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Surface Tension

Activity 9


To study surface tension and the fluid flows caused by differences in surface tension.


The spherical shape of liquid drops is a result of surface tension. Molecules on the surface of a liquid are attracted to their neighbors in such a way as to cause the surface to behave like an elastic membrane. This can be seen in drops of rain, drops of oil, dewdrops, and water beading on a well-waxed car.

Beneath the surface of a liquid, molecules are attracted to each other from all directions. Because of this attraction, molecules have non tendency to be pulled in any preferred direction. However, a molecule on the surface of a liquid is pulled to each side and inward by neighboring molecules. This causes the surface to adjust to the smallest area possible, a sphere. Surface tension is what allows objects such as needles, razor blades, water bugs, and pepper to float on the surface of liquids.

The addition of a surfactant, such as liquid soap, to a liquid weakens, or reduces, the surface tension. Water molecules do not bond as strongly with soap molecules as they do with themselves. Therefore, the bonding force that enables the molecules to behave like an elastic membrane is weaker.

illustration of set up

In a microgravity environment, buoyancy-driven fluid flows and sedimentation are greatly reduced. When this happens, surface tension can become a dominant force. Furthermore, microgravity makes it easier to study surface tension-driven flows then to study them in a normal gravity environment. An analogy to this process would be like trying to listen to a flutist (the surface tension-driven fluid flows) during a thunder-storm (the buoyancy-driven convection).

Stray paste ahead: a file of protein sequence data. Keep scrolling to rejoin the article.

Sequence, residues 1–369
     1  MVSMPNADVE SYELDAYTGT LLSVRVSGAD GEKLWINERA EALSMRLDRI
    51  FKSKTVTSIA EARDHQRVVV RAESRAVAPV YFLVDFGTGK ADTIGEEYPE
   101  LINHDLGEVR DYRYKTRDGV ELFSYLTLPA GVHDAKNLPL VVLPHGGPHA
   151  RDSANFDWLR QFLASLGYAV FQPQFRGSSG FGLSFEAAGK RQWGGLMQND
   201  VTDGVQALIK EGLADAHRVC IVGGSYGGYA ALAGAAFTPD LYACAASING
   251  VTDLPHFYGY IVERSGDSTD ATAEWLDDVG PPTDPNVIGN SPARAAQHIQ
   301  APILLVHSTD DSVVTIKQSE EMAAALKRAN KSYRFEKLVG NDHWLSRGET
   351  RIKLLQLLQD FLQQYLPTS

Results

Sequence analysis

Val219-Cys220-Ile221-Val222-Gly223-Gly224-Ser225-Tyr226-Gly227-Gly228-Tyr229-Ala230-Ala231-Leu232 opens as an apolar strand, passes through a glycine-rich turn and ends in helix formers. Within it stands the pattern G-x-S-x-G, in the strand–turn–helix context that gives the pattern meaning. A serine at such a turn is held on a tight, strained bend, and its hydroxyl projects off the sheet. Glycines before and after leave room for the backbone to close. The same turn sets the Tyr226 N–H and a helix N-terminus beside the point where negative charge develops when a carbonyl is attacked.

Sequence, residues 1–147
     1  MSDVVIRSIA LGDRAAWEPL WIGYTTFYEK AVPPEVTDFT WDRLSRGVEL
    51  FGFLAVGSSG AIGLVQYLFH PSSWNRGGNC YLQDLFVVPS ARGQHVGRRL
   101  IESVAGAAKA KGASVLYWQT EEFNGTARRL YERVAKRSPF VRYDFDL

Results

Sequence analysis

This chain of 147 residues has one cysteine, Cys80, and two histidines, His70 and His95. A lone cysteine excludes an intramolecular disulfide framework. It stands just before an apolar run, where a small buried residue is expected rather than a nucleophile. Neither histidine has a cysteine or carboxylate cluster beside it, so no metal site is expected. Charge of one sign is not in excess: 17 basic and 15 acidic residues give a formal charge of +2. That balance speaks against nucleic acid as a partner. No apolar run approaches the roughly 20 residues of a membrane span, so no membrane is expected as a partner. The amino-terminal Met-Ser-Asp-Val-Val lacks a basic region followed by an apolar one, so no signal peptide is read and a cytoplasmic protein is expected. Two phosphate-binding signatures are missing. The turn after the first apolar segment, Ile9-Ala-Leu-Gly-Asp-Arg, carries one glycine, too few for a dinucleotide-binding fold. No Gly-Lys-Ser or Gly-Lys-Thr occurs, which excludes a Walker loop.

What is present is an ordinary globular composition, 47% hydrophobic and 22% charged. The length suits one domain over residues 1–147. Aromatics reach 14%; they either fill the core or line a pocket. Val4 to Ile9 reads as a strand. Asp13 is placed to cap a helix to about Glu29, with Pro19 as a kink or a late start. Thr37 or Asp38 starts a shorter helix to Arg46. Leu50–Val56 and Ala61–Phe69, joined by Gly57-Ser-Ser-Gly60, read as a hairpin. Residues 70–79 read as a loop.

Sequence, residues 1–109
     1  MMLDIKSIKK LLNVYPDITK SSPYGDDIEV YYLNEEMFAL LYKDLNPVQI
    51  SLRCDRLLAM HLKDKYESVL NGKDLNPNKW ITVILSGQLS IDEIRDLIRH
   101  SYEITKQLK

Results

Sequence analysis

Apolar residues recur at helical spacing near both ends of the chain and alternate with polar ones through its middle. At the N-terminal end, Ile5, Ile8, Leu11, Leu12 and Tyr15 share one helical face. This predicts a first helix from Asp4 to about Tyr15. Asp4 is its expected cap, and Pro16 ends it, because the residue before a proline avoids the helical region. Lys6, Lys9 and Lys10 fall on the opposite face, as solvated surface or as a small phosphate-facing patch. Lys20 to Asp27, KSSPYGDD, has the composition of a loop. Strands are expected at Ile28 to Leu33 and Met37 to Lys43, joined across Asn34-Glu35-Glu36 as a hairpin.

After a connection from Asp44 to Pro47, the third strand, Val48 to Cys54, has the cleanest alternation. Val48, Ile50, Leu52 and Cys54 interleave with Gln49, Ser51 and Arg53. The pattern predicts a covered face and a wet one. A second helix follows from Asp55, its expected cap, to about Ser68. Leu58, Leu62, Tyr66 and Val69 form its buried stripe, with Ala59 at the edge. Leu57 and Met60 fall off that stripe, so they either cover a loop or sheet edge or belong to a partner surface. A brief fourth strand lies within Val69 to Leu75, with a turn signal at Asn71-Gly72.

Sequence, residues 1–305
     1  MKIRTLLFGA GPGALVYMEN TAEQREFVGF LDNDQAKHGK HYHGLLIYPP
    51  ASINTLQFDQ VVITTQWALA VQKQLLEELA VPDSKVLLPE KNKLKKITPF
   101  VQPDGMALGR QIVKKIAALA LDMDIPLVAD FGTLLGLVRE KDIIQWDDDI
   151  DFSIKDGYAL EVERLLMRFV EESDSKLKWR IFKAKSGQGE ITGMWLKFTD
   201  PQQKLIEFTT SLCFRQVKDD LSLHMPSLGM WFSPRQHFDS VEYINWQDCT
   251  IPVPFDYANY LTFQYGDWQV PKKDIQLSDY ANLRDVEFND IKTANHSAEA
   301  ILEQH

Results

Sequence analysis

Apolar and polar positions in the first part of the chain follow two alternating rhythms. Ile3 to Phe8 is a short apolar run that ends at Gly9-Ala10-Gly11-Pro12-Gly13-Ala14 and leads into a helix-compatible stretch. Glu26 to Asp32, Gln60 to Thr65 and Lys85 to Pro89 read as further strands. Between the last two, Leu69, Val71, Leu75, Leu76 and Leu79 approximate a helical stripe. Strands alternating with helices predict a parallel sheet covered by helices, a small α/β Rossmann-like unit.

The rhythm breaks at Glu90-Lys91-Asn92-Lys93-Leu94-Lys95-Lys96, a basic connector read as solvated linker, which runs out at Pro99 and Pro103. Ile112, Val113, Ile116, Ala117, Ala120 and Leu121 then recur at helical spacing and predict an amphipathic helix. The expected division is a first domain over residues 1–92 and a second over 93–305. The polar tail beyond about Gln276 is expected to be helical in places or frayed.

Beaker, clear jar, or drinking glass
Shallow dish or petri dish
Stirring rod
Black pepper
Clear liquid soap
   *per group of students


Step 1. Fill the beaker, jar, or glass with water.
Step 2. Sprinkle some pepper on the water surface. Observe what happens to the pepper.
Step 3. Stir the water vigorously. Observe what happens to the pepper.
Step 4. Add new water to the container and mix in a few drops of liquid soap. Carefully stir the water to dissolve the detergent but try not to create any bubbles.

Step 5. Sprinkle pepper on the water surface. Observe what happens to the pepper.
Step 6. Fill the shallow dish or petri dish with water.
Step 7. Sprinkle some pepper on the surface. Observe any movement of the pepper on the surface.
Step 8. Touch one end of the toothpick into a drop of liquid soap to pick up a small amount of the soap. Carefully touch the end of the toothpick to the surface of the water in the center of the dish. Be careful not to disturb the water. observe any movement.
Step 9 (optional). Steps 6-8 can be demonstrated to the entire class by placing the dish on the stage of an overhead projector.


1. Why did the pepper float on the water?
2. Why did the pepper sink when the water was stirred?
3. Does the amount of liquid soap affect the results of the experiment? Is more or less detergent better?
4. How does liquid soap enable us to wash dishes?


1. Make a surface tension-propelled paper boat by cutting a small piece of paper in the adjacent shape and floating it on clean water. Touch a small amount of liquid soap to the water in the hole at the back of the boat.
2. Design an experiment to test whether the temperature of a liquid has any effect on surface tension.
3. Try floating needles on water and observe what happens when liquid soap is added.

surface tension paper boat

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